Entering that big open water outside of Mexico with very little knowledge about these animals definitely made my heart rate go up, but it was also a mixed feeling of being super excited at the same time. I was able to get up close to one of  the sharks and seeing them underwater in that big open ocean made me fall in love with them.


After that experience, whale sharks are still one of my favorite sharks. They are the biggest shark in size but maybe the nicest shark in mind. They only eat plankton and small fish.They are safe to be around and a good shark to get to know and hang out with.


Your husband is an award winning cinematographer for Discovery Channel’s Shark Week and sometimes you get in the water and assist him too. How has becoming a Mother changed your perspective on the presumed dangers of that line of work?


Yes, my husband Andy Casagrande films sharks and other predators for a living. I'm originally from Sweden and 10 years ago I was travelling in Africa and very randomly I met Andy in the middle of the Serengeti where he was filming the lions for National Geographic during the whole summer.


We both fell for each other immediately and that’s where our journey started.

I ended up coming along on many shoots and learned on location.


Having 2 small children 1.5 and 3.5 years old, Nova Fina and Ace has definitely changed our life in every way. All to the better of course!


Safety wise I think that each and everyone one of us have a different perception about what safety is, and  it all depends on what you are use to doing and what your profession is. Statistically, driving in the car has a higher risks of accident than diving with sharks. But I definitely have higher awareness of danger now and embrace safety in every way possible!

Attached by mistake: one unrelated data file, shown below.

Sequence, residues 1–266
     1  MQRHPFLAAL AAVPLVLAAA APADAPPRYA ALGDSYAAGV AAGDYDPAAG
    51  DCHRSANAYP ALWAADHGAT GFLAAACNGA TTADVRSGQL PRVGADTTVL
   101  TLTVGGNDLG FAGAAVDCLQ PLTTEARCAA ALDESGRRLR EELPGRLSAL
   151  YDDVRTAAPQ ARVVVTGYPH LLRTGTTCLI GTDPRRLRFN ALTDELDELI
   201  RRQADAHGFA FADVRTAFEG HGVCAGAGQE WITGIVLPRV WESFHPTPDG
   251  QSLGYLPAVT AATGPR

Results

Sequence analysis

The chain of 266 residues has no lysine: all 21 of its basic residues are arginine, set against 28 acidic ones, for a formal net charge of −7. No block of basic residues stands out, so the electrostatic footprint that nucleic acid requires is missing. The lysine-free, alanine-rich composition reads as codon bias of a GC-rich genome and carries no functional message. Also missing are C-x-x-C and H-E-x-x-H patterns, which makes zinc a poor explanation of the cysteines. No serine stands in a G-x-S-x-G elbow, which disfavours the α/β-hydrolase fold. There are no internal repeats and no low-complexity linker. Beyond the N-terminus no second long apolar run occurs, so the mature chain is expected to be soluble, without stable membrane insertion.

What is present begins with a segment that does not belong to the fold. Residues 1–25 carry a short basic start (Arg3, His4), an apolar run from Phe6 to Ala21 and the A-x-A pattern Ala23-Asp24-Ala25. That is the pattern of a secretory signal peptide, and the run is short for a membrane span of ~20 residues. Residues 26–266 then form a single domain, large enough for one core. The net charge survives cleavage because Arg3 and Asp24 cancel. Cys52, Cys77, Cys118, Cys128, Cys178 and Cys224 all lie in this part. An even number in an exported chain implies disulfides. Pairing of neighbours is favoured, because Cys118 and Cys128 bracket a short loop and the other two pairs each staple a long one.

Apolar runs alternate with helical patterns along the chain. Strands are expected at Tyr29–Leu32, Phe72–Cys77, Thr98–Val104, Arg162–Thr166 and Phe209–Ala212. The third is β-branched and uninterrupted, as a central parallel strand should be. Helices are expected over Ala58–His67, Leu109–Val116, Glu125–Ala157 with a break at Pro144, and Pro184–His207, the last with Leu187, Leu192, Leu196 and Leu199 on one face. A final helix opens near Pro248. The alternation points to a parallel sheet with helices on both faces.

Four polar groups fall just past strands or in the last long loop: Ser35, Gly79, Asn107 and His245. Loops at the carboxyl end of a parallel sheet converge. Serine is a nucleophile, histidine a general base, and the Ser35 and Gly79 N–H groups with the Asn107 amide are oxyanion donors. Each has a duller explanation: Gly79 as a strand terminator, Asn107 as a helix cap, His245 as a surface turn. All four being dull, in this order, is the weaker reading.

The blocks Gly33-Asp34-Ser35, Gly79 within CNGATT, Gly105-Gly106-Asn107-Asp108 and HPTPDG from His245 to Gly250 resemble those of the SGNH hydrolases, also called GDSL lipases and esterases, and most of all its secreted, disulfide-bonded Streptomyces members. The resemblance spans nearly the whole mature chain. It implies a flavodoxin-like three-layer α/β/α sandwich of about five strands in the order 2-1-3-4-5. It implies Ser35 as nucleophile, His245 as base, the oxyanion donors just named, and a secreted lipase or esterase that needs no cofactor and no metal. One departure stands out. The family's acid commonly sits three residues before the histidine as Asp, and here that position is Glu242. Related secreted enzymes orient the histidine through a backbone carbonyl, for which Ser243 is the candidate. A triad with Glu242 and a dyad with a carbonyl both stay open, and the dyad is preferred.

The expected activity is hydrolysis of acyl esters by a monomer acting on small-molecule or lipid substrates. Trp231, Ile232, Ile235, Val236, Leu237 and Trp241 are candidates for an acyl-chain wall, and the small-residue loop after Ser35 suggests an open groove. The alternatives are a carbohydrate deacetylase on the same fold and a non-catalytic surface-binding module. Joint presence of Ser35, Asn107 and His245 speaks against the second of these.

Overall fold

How have you managed to continue doing what you love while raising two adorable toddlers?


Doing what we are doing with kids definitely needs more planning. We have brought my Mom along to the locations for help, so  we have been able to dive during day and be with kids/family in the evenings. My mom still lives in Sweden so we have been needing to plan more for sure.


Speaking of Sweden, you were born and raised there. Is the Swedish style of parenting different than the American? If so, what tips can you share with us?


I think Swedish and American parenting is similar in many ways. There’s a billion ways of doing something right. Even within the same country, there’s different beliefs on what’s right and what’s best. This is great because you can always find one study that supports your beliefs! Kids communicate with their parents the best, so listen to your child, go with your gut and do everything with love.


What’s scarier...the first time in the water with tiger sharks or your first night home with your baby?


(Laughs…) I don't know! It depends on if you are scared of sharks or not?

But going home with your newborn definitely tops every piece of emotion out there in every way!

Nothing can beat that!


How can we get involved and help you save the sharks?


Don't eat Shark Fin soup

Less plastic in the ocean

Create awareness through education

Inspire people to care for Sharks

You can become an shark angel at

Also check out


Any last words you want to share?

Love your little ones more than life and the rest will be just fine. Each and every one of them are born as perfect as they can be! And don't forget to love yourself equally as much! See the beauty in imperfection and see the world with love! Love sharks and have a happy, amazing 2017!